RATIONALE OF THE STUDY: Increased neonatal fraction of exhaled nitric oxide (FeNO) is associated with lung symptoms early in life, while predictors of neonatal FeNO levels are unknown. The objective of this study was to investigate perinatal and genetic predictors of FeNO in healthy at-risk neonates. METHODS: FeNO was measured during sedation by single-breath and tidal-breathing techniques in 253 one-month-old neonates from the Copenhagen Prospective Study on Asthma in Childhood (COPSAC2000 ) birth cohort. The risk factor analyses included genetic variants in DENND1B, Filaggrin, and ORMDL3; anthropometrics; demographics; socioeconomics; paternal atopy; maternal smoking, and mother's consumption of paracetamol and antibiotics during 3rd trimester; and neonatal bacterial airway colonization. RESULTS: FeNO values measured by the single-breath versus tidal-breathing technique yielded slightly higher values (median, 21.0 ppb; range, 2.0-74.0 ppb vs. 16.0 ppb; 1.0-67.0 ppb; P<0.0001) with increasing differences conditional on increasing FeNO values (P<0.0001). The multivariable analysis including all risk factors showed that the DENND1B rs2786098 C allele was associated with increasing levels of FeNO (additive model; +2.30 ppb per C allele; 95% CI, 0.10-5.00 ppb; P=0.04) and that children of atopic fathers had elevated FeNO (+2.90 ppb; 95% CI, 0.38-5.43 ppb; P=0.02). We did not detect association between the remaining risk factors and neonatal FeNO levels. CONCLUSION: Increased FeNO in healthy newborns seems strongly influenced by genetics including father's atopy and child's variants in the DENND1B locus at chromosome 1q31.3.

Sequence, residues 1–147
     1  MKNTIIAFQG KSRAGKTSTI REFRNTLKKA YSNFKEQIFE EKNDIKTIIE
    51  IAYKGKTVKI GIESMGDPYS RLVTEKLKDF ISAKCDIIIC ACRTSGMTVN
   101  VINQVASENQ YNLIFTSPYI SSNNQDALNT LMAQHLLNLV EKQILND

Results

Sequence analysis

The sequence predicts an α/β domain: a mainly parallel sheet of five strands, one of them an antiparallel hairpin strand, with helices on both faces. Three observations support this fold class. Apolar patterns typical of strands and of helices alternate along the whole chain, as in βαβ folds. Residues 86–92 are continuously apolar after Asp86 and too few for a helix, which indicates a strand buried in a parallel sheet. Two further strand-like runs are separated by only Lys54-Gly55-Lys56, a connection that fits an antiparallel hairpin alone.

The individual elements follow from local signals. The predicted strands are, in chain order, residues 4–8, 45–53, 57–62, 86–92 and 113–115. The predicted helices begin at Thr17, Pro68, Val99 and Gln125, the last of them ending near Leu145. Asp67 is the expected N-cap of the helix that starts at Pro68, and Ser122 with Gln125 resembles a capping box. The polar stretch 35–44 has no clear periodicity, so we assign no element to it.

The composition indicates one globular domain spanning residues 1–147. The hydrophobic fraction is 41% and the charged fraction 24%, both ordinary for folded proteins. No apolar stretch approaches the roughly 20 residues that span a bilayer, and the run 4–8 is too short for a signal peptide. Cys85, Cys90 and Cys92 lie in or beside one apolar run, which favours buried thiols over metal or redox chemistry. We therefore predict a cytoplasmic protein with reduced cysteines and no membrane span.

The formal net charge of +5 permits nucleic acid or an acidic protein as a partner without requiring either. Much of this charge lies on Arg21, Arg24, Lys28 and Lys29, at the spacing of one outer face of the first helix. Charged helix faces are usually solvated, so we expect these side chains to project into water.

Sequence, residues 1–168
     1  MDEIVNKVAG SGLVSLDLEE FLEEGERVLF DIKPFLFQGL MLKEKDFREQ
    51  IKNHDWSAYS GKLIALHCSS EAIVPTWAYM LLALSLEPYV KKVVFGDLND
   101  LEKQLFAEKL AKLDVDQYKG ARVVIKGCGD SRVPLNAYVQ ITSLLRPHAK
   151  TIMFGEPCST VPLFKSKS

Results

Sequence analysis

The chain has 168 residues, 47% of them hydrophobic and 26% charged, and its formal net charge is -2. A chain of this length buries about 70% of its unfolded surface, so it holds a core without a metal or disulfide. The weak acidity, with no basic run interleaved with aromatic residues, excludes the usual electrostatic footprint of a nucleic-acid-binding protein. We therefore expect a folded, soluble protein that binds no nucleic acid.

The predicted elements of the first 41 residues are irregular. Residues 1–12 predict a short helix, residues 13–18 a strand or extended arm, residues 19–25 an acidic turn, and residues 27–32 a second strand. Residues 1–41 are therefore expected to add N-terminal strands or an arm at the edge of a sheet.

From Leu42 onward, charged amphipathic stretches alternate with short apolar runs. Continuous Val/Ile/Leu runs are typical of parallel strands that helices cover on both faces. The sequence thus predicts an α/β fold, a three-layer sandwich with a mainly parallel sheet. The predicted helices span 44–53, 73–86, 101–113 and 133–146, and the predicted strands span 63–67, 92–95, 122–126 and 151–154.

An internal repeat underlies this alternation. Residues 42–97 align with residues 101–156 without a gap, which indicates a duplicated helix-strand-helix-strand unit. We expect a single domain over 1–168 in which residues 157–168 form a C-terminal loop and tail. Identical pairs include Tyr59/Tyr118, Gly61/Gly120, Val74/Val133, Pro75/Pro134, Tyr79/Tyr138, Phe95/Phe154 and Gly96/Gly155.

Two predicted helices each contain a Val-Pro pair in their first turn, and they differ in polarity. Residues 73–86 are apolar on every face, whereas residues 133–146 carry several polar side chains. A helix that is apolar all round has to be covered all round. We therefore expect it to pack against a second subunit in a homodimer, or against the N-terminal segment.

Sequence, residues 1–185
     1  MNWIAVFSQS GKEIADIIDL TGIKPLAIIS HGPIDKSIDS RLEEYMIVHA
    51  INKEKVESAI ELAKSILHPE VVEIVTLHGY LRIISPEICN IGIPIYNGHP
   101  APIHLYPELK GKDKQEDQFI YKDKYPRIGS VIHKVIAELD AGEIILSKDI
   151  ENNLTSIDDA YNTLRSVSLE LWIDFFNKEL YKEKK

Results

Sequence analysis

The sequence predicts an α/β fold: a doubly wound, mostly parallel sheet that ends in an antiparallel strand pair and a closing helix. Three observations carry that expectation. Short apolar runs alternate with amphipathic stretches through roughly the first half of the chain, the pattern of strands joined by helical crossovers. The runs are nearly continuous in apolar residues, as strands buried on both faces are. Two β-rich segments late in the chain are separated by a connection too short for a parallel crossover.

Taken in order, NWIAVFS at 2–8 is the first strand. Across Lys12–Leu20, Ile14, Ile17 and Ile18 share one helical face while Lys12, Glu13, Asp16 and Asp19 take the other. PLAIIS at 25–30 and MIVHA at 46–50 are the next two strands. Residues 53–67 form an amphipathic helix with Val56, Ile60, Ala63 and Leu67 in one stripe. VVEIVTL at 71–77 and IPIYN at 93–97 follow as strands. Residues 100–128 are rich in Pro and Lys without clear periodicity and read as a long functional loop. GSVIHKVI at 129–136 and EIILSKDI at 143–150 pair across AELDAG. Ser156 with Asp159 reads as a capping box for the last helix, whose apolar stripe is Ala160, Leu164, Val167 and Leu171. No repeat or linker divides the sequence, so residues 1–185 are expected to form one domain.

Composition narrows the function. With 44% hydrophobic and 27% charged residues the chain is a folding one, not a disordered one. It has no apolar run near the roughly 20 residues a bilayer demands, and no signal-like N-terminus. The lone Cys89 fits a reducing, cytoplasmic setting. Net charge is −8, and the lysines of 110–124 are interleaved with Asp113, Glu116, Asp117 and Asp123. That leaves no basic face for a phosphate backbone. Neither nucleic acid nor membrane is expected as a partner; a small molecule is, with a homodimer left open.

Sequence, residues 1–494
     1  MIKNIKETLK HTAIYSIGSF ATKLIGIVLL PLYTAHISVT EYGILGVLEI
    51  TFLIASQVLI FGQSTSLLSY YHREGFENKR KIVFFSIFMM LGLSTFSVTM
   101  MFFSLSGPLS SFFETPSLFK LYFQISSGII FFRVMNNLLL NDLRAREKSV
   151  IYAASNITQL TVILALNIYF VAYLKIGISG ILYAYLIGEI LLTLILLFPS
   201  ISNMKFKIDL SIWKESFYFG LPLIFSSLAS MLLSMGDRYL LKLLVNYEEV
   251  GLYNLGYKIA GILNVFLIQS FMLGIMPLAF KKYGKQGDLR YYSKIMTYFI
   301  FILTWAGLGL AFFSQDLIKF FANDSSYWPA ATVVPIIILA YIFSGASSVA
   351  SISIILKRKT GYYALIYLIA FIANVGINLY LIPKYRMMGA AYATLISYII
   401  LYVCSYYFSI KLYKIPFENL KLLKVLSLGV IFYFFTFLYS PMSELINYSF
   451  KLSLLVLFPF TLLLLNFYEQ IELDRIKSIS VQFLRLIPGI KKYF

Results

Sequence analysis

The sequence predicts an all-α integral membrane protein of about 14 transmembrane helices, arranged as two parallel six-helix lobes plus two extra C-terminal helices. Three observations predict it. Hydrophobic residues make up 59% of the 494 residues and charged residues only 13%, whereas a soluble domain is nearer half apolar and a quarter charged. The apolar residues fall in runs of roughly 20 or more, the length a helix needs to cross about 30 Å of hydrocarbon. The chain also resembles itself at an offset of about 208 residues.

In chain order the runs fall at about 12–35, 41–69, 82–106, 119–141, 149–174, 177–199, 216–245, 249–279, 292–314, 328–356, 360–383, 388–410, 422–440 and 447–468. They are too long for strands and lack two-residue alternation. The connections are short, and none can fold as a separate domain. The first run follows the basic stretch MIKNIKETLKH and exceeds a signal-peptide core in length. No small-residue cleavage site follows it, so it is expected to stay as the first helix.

Pediatric Pulmonology, 2015, Vol 50, Issue 2, p. 109-117